Chanterelle Chantara was inspired by her memories of the 2014 Honolulu Fashion Week, which presented 85 years of Hawaiian Airlines flight attendant uniforms. Emiko Miyazawa, a Fashion Immersive Participant, is the owner of M33Ms jewellery designs. Her design is a durable, easy access fanny pack with flaps that fold over the front. Jana Lam is an owner of textile studio and accessories brand Jana Lam. Her piece, the Weekender Travel Tote, is an extension of her popular line of totes and clutches. And, finally, Lizzy Chitamitre, was inspired by the sophistication of Hawaiian Airlines' flight attendants of yesteryear. She designed a cocktail dress that flows seamlessly from work into the evening.Read more at:backless prom dresses

06:02 Publié dans Fashion | Lien permanent | Commentaires (0)

24/11/2015

Why I'll Never Wear Heels Again

(Photo:http://www.marieprom.co.uk/cheap-prom-dresses)

When I was seven or so, I was a flower girl in my uncle's wedding. My sister and I wore frilly pink dresses, white tights, and white patent-leather Mary Janes. I remember very little about this event except for crying, long and hard, because my feet hurt. I'm sure my grandmother tried her hardest to get us to just wear the shoes and hobble down the aisle of the church, gamely throwing rose petals through our tears, but we won. After the ceremony, we strapped on our sandals over our tights, comfortable and content. I didn't realize that then that this event would set the direction for the rest of my life.

My feet are the one part of my body that I would gladly replace. They're my mother's feet, wide and flat, a solid base for many hours of manual labor but not really good for anything else. There's no real arch, a lesson I learned the hard way in dance class in high school. Finding shoes has never been an easy task. In the sixth grade, I begged for a pair of Doc Martens and was presented with the K-mart version, hard plastic and rubber, considerably cheaper and decidedly less cool. They were uncomfortable and unyielding, but I wore them until they wore out. A brief foray into musical theatre in high school required the purchase of character shoes, unflattering and unfortunately expensive heeled leather shoes with a thin strap across the arch, perfect for standing the chorus and executing a half-hearted box step. They pinched my toes.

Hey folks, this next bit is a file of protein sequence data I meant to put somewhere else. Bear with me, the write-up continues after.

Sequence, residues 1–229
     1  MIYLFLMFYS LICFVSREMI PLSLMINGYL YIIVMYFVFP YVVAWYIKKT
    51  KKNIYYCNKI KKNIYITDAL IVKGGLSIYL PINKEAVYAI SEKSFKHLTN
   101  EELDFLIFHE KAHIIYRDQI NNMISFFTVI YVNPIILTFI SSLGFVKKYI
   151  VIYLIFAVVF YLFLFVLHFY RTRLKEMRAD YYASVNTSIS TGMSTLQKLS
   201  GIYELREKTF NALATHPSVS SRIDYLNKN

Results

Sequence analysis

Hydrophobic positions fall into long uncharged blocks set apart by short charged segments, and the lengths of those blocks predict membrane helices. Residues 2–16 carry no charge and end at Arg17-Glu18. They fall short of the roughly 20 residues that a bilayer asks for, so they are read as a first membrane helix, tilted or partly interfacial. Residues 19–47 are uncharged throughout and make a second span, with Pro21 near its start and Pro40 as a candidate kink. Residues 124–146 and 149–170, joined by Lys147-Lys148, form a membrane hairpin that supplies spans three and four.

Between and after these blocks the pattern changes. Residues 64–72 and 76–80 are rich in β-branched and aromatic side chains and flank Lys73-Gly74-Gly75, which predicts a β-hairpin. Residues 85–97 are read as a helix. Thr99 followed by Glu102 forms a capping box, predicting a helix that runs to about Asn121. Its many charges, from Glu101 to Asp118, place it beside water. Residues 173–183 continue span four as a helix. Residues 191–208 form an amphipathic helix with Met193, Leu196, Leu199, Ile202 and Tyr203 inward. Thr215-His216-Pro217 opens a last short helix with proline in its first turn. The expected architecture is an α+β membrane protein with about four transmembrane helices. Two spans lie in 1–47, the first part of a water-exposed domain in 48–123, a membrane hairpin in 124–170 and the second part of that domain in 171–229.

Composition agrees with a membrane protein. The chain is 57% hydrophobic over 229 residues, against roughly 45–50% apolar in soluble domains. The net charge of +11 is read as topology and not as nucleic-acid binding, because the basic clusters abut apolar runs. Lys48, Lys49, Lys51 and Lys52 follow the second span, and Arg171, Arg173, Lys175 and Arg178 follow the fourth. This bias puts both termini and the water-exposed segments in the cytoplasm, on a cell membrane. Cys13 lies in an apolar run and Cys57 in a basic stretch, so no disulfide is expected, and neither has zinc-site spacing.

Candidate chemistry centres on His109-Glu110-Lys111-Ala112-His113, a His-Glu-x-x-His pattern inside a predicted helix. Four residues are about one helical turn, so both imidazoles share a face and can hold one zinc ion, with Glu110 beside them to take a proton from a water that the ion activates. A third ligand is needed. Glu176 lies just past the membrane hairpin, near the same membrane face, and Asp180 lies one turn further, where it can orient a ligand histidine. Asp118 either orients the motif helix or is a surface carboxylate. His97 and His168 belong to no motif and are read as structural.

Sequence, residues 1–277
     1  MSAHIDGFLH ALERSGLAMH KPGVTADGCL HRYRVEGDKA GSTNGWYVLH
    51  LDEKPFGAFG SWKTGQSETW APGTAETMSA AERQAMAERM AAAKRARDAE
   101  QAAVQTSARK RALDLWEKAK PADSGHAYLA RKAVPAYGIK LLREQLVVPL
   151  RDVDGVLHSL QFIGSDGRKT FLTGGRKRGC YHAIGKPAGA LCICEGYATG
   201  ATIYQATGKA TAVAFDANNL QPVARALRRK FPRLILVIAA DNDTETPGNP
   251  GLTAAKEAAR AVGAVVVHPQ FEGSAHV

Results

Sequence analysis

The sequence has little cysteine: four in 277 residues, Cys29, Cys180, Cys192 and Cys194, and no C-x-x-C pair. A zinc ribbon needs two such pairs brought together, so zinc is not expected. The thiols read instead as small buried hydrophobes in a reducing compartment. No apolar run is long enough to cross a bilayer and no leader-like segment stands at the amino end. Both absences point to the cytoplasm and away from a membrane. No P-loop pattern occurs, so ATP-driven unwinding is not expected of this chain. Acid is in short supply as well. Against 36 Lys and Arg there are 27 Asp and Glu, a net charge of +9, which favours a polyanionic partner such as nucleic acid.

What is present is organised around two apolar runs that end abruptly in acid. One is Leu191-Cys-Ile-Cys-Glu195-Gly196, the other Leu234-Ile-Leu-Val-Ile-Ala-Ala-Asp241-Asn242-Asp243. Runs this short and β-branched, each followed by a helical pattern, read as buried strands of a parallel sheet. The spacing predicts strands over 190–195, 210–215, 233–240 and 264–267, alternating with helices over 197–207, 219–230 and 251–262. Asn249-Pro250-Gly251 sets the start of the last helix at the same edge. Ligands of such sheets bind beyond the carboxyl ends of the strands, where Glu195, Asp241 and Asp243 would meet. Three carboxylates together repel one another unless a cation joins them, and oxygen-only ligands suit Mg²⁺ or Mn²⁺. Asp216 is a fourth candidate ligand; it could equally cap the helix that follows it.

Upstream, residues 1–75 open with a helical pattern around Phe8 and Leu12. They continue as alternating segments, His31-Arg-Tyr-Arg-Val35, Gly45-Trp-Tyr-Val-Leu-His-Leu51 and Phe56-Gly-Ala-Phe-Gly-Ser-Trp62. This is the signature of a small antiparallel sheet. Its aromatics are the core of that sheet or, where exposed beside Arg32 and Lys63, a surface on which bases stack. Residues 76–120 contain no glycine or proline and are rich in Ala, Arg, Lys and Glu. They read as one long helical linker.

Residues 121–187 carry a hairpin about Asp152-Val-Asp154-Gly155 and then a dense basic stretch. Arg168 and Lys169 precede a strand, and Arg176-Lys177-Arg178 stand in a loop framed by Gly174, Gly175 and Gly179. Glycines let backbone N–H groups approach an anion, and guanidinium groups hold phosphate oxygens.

With each passing year into my thirties, my style becomes aggressively more casual. It feels a little strange to revert to sweatpants, jeans that don't constrict and T-shirts, but I chalk it up to simply being more comfortable in my skin. I do not own a blazer, though I know I should. And I have given up on high heels. If asked to attend a semi-formal event tomorrow, I'd have to really scramble to find a dress and a pair of shoes, unless I could get away with my white Birkenstocks (if I cleaned them nicely). At this point, I'm creating a wardrobe that doesn't front. High heels are nothing more than sartorial posturing, intended to empower women but serving really to cripple them at the basest of levels. You need your feet to run, you know. You can't run for the train or walk at an appropriate pace in heels.

I was never the kind of kid who was into heels, maybe because I was raised by my father, and heels weren't something that we saw around the house that often. My first pair of heels were purchased at a thrift store in Ashland, Oregon, a peep-toe sandal in black patent leather and faux suede, with a heel like a tent stake and a solid platform. I wore them to every high school formal, teetering like a drunk fawn, taking tiny steps as a way of curtailing the searing pain of the shoes digging into my tender flesh.